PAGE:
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Evan Huffman keeps the faith heading into Amgen Tour of California

Local cyclist Evan Huffman rides with the Rally Cycling team. Huffman, who is from El Dorado Hills, will compete in this year’s Amgen Tour of California.
Local cyclist Evan Huffman rides with the Rally Cycling team. Huffman, who is from El Dorado Hills, will compete in this year’s Amgen Tour of California. Rally Cycling

The flat landscape approaching Drayton Valley, 135 miles southwest of Edmonton, Alberta, is dominated by oil fields, pump jacks and pick-up trucks. It’s also where Evan Huffman last September pedaled to a career milestone.

Huffman had already won five lower-tier races last season. But he darted to the front in the final seconds of a four-hour ride on the main street of the hamlet, population 7,000, and claimed the highest-ranked stage win of his career.

A small, enthusiastic crowd witnessed the 112-mile stage 3 road race of the Tour of Alberta that also elevated the El Dorado Hills rider into the race lead. But the former multi-sport athlete at Elk Grove High School lost his advantage the next day and finished third overall in the five-day race, seven seconds behind winner Rob Carpenter.

Huffman, 27, who will lead Rally Cycling beginning Sunday in the 12th edition of the Amgen Tour of California, downplayed the stage victory via his quiet demeanor. Regardless, the win provided a hefty injection of confidence. The cyclist’s prior three seasons were often chaotic.

“I made breakthroughs personally; I’d say it was a second breakout season for me,” said Huffman, who first attracted international attention with several time-trial victories and an under-age-23 national championship in 2012. “I had a few lackluster years and then really came into my own last year.”

Huffman, who won the Tour of California best climber’s jersey last year, has continued his improvement this year. He won the time trial stage and the overall title of the five-day Tour of the Gila last month in New Mexico, the highest-ranked stage race victory of his career.

Huffman’s world is also expanding off the bike. The Sacramento-area cycling community acknowledged the rider last October with a small, appreciated gesture. Bike Dog Brewery in West Sacramento introduced a limited draught called Huff Dog Passionfruit Session.

More importantly, Huffman became engaged to his girlfriend in November, with their marriage scheduled in October. The couple share a life of faith.

“Faith is part of my cycling career in that it’s not cycling,” said Huffman, who dons a tattoo on his inner forearms and another across his chest, all designations of his Christianity. “It gives me something else to focus on. One of the things I figured out last year is that performance-based identity is an issue for a lot of riders.”

“It (faith) is a good thing for me. When I have a bad day or things aren’t going well, it’s not the end of my world. I don’t feel like I am less valuable as a person because of what I don’t do on the bike. Somehow, ironically that makes me a better rider. It kind of gives you freedom to fail.”

With limited international experience, Huffman surprisingly joined Astana, then the sport’s No. 1-ranked WorldTour team, in 2013. The government-supported team based in Kazakhstan was steeped in doping problems.

The team was sponsored by Specialized, the bicycle component manufacturer based in Morgan Hill, and it wanted one American on its lengthy roster.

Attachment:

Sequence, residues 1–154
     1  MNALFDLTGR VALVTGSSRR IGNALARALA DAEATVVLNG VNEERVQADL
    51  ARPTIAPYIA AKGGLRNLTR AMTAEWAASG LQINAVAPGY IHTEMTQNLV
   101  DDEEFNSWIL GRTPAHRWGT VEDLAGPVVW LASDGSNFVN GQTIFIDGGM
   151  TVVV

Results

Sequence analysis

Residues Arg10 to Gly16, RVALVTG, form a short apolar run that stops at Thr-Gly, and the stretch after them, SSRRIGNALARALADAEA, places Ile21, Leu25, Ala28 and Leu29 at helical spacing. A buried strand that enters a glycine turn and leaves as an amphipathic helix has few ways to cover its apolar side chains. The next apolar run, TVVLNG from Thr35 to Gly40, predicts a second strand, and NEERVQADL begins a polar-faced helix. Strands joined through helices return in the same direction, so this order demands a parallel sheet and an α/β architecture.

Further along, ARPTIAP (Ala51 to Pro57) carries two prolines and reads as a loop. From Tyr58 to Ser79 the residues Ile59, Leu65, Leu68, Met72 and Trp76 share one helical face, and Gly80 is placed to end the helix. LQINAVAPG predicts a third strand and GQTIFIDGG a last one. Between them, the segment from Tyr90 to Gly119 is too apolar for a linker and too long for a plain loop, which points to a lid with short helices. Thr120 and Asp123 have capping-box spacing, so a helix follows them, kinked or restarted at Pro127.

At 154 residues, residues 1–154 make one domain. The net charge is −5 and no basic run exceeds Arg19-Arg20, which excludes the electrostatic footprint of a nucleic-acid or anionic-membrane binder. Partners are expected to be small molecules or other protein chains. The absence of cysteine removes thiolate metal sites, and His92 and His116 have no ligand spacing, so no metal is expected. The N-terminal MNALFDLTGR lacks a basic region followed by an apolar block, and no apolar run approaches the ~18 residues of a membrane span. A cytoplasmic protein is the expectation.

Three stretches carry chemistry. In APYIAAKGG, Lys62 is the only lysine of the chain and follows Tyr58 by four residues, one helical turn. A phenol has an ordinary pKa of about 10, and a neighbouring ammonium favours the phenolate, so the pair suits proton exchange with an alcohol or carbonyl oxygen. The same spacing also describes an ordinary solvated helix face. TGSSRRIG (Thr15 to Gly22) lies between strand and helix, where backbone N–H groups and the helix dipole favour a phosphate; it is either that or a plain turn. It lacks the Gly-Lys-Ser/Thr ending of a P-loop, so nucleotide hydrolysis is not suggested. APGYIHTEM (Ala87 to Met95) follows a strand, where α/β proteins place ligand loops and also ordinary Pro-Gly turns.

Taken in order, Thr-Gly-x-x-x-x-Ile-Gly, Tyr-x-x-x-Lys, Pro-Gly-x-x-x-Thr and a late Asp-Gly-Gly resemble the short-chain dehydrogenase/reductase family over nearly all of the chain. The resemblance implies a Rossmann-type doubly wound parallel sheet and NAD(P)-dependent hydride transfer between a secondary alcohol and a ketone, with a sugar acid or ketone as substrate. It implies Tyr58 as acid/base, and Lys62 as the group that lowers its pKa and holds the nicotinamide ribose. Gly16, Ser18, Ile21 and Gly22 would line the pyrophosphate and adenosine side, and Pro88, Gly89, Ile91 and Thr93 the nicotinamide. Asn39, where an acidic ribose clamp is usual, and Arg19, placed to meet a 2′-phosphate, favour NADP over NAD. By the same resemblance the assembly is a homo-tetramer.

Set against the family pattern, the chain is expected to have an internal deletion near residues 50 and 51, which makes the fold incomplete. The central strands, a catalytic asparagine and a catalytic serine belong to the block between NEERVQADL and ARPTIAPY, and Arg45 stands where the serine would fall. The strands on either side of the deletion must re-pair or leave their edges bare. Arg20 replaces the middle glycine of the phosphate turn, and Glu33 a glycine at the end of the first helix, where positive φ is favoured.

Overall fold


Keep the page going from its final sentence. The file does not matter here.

Huffman enthusiastically signed for two seasons with a healthy guaranteed contract. But he was largely forgotten, raced infrequently and had few notable results. He returned to California dejected and without a contract for 2015.

Huffman eventually raced the season for SmartStop, an entry-level pro team from Southern California that couldn’t meet its payroll and folded. He’s now well into his second season with Rally. It’s also a lower-level pro team, classified as Continental, but it’s well-funded by a Washington, D.C.-based digital health company. The rider’s stalling career was rekindled by team director Jonas Carney and assistants Eric Wahlberg and Pat McCarty.

The management trio, all former pro cyclists, worked on Huffman’s confidence, race tactics and the rider’s career-long, self-assessed shortcoming. He has a fear of crashing.

“Evan had an amazing season last year,” Carney said. “He was on form for the whole year and he was one of our go-to guys. We could rely on him and he was extremely consistent. I know he wants to go back to the WorldTour and I think he can make it there.

“But he has some work to do, and I think he knows that and we’re doing everything we can do to help him in the areas in which he’s struggling. For him, it’s just learning to be comfortable in the peloton and putting himself in a good position in the critical times in the race.”

Huffman is more direct about his shortcomings. Cycling is a high-risk sport. Hesitation causes crashes and careers can end abruptly.

“There are some really experienced guys on the team who are good at that stuff and they know I have a legitimate fear of crashing,” Huffman said. “I’ve always said it of myself, and probably always will, that it’s my biggest weakness.

“But they all see the potential I have to get over that fear. They push me in positive ways to improve that. I think I’ve done better and it goes hand-in-hand toward with my overall confidence now.”

A​mgen Tour of California

Men

Sunday through Saturday

Stage 1: Sunday, 11:25 a.m.

Start/Finish: State Capitol

Miles: 104

Women

Thursday through Sunday

Stage 3: Saturday, 10:35 a.m.

Start: Elk Grove Regional Park

Finish: Downtown Sacramento

Miles: 73.3

Stage 4: Sunday, 12:30 p.m.

Start/Finish: State Capitol

Miles: 43.5

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